The universe began its cosmic life in a big bang
nearly fourteen billion years ago,
and has been expanding ever since.
But what is it expanding into?
That's a complicated question.
Einstein's equations of general relativity
describe space and time as a kind of inter-connected
fabric for the universe.
This means that what we know of as space and time
exist only as part of the universe and not beyond it.
Now, when everyday objects expand, they move out
into more space.
But if there is no such thing as space to expand into,
what does expanding even mean?
In 1929 Edwin Hubble's astronomy observations
gave us a definitive answer.
His survey of the night sky found all faraway galaxies
recede, or move away, from the Earth.
Moreover, the further the galaxy, the faster it recedes.
How can we interpret this?
Consider a loaf of raisin bread rising in the oven.
The batter rises by the same amount in between each
and every raisin.
If we think of raisins as a stand-in for galaxies,
and batter as the space between them,
we can imagine that the stretching or expansion
of intergalactic space will make the galaxies recede from each other,
and for any galaxy, its faraway neighbors will recede a larger
distance than the nearby ones
in the same amount of time.
Sure enough, the equations of general relativity predict a cosmic
tug-of-war between gravity and expansion.
It's only in the dark void between galaxies where expansion wins out,
and space stretches.
So there's our answer.
The universe is expanding unto itself.
That said, cosmologists are pushing the limits of mathematical models
to speculate on what, if anything, exists beyond our spacetime.
These aren't wild guesses, but hypotheses that tackle
kinks in the scientific theory of the Big Bang.
The Big Bang predicts matter to be distributed evenly across the universe,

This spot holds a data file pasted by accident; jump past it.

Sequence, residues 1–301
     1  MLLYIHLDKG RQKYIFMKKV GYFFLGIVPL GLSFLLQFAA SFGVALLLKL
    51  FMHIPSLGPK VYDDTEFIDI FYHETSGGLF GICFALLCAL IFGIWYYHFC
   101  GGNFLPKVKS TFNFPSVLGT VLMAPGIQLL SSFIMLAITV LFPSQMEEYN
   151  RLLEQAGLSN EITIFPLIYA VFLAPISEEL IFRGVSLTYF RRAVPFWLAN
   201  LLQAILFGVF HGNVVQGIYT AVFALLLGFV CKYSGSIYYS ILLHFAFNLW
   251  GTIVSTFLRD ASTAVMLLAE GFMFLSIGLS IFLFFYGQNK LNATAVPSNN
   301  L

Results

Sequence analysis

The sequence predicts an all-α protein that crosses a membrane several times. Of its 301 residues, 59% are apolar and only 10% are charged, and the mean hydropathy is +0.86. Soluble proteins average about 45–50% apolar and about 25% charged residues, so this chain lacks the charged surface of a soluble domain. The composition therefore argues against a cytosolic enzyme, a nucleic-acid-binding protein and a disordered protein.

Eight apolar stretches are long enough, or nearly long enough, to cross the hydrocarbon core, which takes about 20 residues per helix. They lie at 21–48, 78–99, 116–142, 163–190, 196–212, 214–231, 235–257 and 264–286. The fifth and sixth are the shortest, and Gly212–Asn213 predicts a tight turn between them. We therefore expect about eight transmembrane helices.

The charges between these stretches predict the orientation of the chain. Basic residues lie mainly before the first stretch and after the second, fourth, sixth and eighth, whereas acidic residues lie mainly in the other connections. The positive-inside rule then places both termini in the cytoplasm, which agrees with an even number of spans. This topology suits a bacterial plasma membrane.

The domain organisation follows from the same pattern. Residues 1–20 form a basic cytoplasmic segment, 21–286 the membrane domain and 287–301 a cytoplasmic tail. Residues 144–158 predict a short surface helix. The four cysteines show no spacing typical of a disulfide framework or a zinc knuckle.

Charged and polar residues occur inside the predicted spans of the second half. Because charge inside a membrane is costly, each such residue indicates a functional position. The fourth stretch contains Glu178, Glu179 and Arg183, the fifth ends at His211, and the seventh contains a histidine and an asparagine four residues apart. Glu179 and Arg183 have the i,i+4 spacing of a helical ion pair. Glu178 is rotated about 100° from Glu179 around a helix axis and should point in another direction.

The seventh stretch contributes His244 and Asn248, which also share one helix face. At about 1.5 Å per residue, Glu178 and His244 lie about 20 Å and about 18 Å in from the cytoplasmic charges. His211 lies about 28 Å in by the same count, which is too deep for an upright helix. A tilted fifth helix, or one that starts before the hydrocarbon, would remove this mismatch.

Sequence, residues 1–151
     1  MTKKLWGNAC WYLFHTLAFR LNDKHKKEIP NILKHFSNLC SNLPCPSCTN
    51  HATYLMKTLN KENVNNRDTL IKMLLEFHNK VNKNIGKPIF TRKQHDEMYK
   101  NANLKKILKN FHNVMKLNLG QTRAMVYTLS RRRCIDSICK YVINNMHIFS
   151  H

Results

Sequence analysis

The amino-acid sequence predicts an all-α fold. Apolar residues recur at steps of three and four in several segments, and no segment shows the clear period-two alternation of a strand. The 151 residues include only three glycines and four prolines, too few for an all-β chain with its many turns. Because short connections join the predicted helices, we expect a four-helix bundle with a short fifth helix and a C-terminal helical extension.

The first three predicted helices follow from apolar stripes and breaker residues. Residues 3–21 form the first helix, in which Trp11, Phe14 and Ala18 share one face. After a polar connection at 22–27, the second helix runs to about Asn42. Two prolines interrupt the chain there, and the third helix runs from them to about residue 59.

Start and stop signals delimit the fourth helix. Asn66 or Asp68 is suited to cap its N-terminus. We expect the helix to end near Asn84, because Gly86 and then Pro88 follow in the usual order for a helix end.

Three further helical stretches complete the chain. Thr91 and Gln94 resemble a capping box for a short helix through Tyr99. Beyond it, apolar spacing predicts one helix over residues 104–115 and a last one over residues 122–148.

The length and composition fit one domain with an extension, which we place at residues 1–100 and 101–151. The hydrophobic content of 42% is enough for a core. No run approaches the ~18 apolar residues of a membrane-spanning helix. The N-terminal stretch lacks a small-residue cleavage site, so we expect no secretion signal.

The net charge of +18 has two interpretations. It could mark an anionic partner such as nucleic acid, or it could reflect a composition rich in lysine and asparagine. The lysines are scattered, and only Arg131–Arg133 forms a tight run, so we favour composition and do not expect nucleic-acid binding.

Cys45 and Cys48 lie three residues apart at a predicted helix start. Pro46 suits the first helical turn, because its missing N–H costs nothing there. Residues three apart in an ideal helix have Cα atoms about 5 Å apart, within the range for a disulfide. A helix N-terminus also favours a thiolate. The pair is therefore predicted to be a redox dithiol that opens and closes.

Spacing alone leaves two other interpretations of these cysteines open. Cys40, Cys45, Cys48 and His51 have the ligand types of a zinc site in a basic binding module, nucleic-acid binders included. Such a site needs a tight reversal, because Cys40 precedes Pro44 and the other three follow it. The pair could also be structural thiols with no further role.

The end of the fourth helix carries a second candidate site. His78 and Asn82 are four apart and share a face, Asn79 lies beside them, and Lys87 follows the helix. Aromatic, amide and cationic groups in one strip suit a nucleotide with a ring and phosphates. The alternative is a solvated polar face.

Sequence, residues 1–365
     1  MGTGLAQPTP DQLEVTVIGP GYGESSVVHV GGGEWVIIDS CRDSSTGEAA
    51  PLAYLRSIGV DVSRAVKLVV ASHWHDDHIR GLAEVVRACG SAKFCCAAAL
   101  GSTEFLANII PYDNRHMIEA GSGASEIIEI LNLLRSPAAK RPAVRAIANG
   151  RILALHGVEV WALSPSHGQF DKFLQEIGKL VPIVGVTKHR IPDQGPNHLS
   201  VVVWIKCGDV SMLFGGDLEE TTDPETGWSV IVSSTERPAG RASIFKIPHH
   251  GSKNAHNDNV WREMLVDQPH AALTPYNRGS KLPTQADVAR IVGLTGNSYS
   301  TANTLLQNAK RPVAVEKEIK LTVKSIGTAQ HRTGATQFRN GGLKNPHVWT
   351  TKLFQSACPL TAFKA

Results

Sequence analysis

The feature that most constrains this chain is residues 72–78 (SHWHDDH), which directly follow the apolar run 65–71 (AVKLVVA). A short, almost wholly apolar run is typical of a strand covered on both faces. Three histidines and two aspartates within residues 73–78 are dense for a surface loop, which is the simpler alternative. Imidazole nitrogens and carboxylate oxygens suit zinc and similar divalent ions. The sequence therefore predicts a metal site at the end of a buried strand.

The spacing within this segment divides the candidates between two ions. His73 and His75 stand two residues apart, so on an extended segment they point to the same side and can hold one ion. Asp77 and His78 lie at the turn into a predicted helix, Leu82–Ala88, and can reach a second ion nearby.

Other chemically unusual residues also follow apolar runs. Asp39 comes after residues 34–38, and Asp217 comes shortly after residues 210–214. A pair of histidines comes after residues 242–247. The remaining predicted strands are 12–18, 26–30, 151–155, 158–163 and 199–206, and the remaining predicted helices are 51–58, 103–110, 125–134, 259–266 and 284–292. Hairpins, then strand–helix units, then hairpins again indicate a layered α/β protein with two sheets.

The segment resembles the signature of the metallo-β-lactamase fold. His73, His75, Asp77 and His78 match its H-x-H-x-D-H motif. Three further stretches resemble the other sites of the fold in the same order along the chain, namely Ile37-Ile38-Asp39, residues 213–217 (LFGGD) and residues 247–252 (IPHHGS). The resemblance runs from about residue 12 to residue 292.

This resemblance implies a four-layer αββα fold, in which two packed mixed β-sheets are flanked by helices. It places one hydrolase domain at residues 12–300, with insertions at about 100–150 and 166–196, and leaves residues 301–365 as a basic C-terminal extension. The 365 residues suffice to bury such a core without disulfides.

as a sparse gas --but then, how did galaxies and stars come to be?
The inflationary model describes a brief era
of incredibly rapid expansion
that relates quantum fluctuations in the energy of the early universe,
to the formation of clumps of gas that eventually led to galaxies.
If we accept this paradigm, it may also imply our universe represents
one region in a greater cosmic reality that undergoes endless, eternal inflation.
We know nothing of this speculative inflating reality,
save for the mathematical prediction that its endless expansion
may be driven by an unstable quantum energy state.
In many local regions, however, the energy may settle by random
chance into a stable state, stopping inflation and forming bubble universes.
Each bubble universe —ours being one of them
—would be described by its own Big Bang and laws of physics.
Our universe would be part of a greater multiverse,
in which the fantastic rate of eternal inflation makes it impossible
for us to encounter a neighbor universe.
The Big Bang also predicts that in the early, hot universe, our fundamental forces
may unify into one super-force.
Mathematical string theories suggest descriptions of this unification,
in addition to a fundamental structure for sub-atomic quarks and electrons.
In these proposed models, vibrating strings are the building blocks of the universe.
Competing models for strings have now been consolidated into a unified description,
and suggest these structures may interact with massive, higher dimensional surfaces called branes.
Our universe may be contained within one such brane,
floating in an unknown higher dimensional place, playfully named “the bulk,” or hyperspace.
Other branes—containing other types of universes—may co-exist in hyperspace,
and neighboring branes may even share certain fundamental forces like gravity.
Both eternal inflation and branes describe a multiverse,
but while universes in eternal inflation are isolated, brane universes could bump into each other.
An echo of such a collision may appear in the cosmic microwave background
—a soup of radiation throughout our universe, that’s a relic from an early Big Bang era.
So far, though, we’ve found no such cosmic echo.
Some suspect these differing multiverse hypotheses may eventually coalesce into a common description,
or be replaced by something else.
As it stands now, they’re speculative explorations of mathematical models.
While these models are inspired and guided by many scientific experiments,
there are very few objective experiments to directly test them, yet.
Until the next Edwin Hubble comes along,
scientists will likely be left to argue about the elegance of their competing models…
and continue to dream about what, if anything, lies beyond our universe.